In this case, the red notices were requested by Dubai police and Interpol's bureau in Abu Dhabi, the international police organisation said on its website www.interpol.int.
Earlier on Thursday, Dahi Khalfan Tamim, Dubai's police chief, said he believed Israeli agents, using British, French, German and Irish passports, were behind the killing on January 19.
The National, an Abu Dhabi government-owned newspaper, quoted Tamim as saying that the investigation into the killing "reveal[s] that Mossad [Israel's security service] is involved in the murder".
Tamim told the publication's website on Thursday that he "is 99 per cent, if not 100 per cent, that Mossad is standing behind the murder".
Police in Dubai have already released closed-circuit television footage of 11 individuals believed to have been involved in the killing of al-Mabhouh at the Al-Bustan hotel.
Tamim told Al-Bayan, another UAE newspaper based in Dubai, that "Dubai police has more evidence, apart from the tapes and photos that were revealed earlier".
"The coming days will carry more surprises which will leave no room for doubt," he said.
Israeli silence on the killing was broken on Wednesday by Avigdor Lieberman, the country's foreign minister, who said that "there is no reason to think that it was the Israeli Mossad, and not some other intelligence service or country up to some mischief".
However, he also said that Israel maintains a "policy of ambiguity" on intelligence matters.
|Al-Mabhouh was one of the founders of Hamas' armed wing [Reuters]
London, Paris and Dublin have all demanded explanations from Israel as to why passport details of their citizens had been used by the suspected hit squad.
Britain summoned Ron Prosor, the Israeli ambassador to London, for a meeting with Peter Ricketts, who heads its diplomatic service, to explain how several UK citizens living in Israel found their passport details had been used by the alleged killers.
David Miliband, the British foreign minister, described the use of six British passports as an "outrage".
Miliband said Ricketts had made clear "how seriously we take any suggestion of fraudulent use of British passports" and sought Israeli assistance.
"We hope and expect they will co-operate fully with the investigation that has been launched by the prime minister [Gordon Brown]," said Miliband, adding that he hoped to discuss the issue further with Lieberman, when both men meet in Brussels on Monday.
Britain's Serious Organised Crime Agency is to lead an investigation into the matter in close co-operation with the Emirati authorities.
Paris also demanded that Israel explain how an apparently forged French passport had been used by the suspected assassins.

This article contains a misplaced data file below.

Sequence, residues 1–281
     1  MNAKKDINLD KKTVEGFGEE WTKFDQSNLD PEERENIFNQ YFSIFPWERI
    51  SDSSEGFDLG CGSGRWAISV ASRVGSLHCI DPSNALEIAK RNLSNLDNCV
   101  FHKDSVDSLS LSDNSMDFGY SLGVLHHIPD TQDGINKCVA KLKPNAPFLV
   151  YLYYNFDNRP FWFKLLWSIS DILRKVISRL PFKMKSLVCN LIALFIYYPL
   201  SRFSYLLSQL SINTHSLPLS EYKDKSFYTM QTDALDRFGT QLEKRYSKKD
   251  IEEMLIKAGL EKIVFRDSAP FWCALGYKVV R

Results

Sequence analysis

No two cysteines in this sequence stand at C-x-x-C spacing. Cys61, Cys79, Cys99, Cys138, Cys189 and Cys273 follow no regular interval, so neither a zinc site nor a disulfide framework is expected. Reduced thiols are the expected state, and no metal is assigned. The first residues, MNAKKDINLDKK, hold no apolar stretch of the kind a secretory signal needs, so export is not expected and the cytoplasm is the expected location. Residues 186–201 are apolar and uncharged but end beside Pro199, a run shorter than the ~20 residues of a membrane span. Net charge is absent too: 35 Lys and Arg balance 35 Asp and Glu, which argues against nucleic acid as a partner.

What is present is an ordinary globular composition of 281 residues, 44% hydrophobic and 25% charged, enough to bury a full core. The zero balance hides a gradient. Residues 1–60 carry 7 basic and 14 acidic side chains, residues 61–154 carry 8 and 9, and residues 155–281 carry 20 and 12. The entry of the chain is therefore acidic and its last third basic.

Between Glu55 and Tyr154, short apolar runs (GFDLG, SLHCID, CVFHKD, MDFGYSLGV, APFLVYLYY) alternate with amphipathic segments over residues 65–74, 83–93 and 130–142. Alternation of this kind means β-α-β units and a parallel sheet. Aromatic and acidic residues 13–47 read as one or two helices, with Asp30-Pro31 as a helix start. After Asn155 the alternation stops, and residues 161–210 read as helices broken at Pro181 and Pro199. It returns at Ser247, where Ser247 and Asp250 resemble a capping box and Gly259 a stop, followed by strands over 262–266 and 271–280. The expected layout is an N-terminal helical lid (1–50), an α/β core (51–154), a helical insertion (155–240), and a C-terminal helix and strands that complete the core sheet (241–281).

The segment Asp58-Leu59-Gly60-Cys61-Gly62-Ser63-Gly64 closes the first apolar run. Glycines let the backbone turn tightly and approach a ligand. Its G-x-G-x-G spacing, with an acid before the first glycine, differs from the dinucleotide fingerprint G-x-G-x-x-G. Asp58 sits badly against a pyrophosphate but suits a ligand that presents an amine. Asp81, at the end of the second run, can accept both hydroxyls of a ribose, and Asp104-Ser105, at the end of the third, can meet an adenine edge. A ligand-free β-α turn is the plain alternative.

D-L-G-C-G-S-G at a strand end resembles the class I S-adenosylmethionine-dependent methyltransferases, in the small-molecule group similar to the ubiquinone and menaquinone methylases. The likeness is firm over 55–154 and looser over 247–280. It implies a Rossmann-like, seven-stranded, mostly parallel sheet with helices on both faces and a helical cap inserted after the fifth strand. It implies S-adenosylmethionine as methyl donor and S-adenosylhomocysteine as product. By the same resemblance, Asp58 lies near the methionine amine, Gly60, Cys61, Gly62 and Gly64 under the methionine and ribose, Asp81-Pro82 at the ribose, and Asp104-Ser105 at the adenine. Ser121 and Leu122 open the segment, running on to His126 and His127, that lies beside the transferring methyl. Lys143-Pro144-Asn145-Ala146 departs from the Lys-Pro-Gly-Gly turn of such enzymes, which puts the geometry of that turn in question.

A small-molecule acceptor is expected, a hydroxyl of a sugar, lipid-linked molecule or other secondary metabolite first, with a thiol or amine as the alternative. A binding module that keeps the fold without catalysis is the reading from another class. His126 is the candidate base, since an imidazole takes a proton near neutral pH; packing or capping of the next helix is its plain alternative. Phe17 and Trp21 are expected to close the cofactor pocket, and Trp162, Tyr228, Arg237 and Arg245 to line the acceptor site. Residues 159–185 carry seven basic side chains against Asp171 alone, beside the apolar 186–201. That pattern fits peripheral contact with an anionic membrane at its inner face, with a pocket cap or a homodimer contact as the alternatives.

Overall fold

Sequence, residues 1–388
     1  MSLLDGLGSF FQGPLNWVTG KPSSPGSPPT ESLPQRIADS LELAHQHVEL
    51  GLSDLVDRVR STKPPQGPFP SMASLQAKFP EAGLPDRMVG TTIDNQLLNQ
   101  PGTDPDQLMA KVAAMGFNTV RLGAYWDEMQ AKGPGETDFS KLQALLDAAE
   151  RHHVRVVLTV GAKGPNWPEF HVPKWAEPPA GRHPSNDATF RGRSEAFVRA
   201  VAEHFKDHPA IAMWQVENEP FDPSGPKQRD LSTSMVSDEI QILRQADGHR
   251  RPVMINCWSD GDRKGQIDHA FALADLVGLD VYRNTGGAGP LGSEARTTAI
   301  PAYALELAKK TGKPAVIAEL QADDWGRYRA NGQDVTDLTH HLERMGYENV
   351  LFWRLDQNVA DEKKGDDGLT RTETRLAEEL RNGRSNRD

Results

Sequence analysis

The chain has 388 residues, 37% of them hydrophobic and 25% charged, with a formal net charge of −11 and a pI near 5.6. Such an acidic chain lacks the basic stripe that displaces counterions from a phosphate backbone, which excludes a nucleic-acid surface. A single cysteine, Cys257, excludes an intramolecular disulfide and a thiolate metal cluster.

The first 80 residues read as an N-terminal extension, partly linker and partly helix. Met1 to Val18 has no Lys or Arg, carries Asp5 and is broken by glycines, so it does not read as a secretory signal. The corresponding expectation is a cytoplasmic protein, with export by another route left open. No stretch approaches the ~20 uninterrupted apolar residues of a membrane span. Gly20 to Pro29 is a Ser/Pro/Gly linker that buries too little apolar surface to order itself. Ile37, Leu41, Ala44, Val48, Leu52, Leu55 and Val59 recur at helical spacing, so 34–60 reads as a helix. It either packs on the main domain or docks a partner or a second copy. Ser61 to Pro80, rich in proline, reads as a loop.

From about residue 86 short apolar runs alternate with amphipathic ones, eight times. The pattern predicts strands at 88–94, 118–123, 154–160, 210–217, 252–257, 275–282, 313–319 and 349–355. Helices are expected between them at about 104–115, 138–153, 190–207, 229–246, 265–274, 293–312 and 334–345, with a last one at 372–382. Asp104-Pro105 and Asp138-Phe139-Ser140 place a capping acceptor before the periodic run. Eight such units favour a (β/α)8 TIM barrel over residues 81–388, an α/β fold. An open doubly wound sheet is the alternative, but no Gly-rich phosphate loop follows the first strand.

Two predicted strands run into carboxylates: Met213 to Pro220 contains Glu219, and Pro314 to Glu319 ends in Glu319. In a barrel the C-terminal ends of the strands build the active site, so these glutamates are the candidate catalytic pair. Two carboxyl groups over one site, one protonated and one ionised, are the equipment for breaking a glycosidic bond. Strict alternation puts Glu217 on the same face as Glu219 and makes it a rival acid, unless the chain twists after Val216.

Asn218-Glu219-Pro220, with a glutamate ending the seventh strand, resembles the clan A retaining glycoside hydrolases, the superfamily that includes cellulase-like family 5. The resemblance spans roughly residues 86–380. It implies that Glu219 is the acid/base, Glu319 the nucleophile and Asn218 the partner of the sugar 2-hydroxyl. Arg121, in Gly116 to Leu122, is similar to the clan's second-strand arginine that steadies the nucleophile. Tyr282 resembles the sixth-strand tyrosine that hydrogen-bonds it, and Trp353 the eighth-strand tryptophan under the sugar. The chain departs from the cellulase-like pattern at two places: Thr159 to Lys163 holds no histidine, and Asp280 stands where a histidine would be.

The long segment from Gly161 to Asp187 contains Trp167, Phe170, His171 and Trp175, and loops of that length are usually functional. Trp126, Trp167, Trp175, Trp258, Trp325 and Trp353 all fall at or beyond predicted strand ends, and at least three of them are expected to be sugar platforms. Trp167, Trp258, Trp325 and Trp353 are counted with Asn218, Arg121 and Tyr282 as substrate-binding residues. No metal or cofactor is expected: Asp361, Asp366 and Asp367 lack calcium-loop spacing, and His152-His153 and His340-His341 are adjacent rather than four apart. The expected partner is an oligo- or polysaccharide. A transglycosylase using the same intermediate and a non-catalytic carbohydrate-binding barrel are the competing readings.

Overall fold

"We are asking for explanations from Israel's embassy in France over the circumstances of the use of a fake French passport in the assassination of a Hamas member in Dubai," said the country's foreign ministry.
Dublin followed suit, calling in the Israeli ambassador to grill him about how the suspects had used passport details of three Irish citizens, one of whom has never visited Israel.
Sources within Hamas, which has already blamed Israel for being behind the killing, have also accused members of a rival Palestinian faction of helping Israel to kill al-Mabhouh.
The sources accused members of Fatah party, headed by Palestinian president Mahmoud Abbas, of aiding the murder.
"The time for promises and talk of revenge is done. Now is the time for action"
Khaled Meshaal, Hamas leader
In the Gaza Strip, the Palestinian territory run by Hamas, anger spilled onto the streets on Wednesday with thousands of people gathering at a rally vowing to avenge
the death of al-Mabhouh.
Al-Mabhouh was a senior commander and one of the founders of the Ezzedine al-Qassam Brigades, Hamas'armed wing.
Khaled Meshaal, Hamas' leader and himself a victim of an attempted Israeli assassination, pointed the finger of blame squarely at Mossad.
"The time for promises and talk of revenge is done. Now is the time for action," he said, addressing the Gaza rally via video from Damascus, where he is based.
Israeli media has seen mixed reactions, with some praising al-Mabhouh's death, and others criticising a sloppy operation.
A front-page commentary in the daily newspaper Haaretz called for Meir Dagan, the head of Mossad, to be removed from office.
But a source close to Dagan told the Reuters news agency that the intelligence chief has no intention to resignbefore the end of his term later this year.
For Dagan to resign on the heels of a political row over al-Mabhouh's death would be to admit having had a role in it, the source said.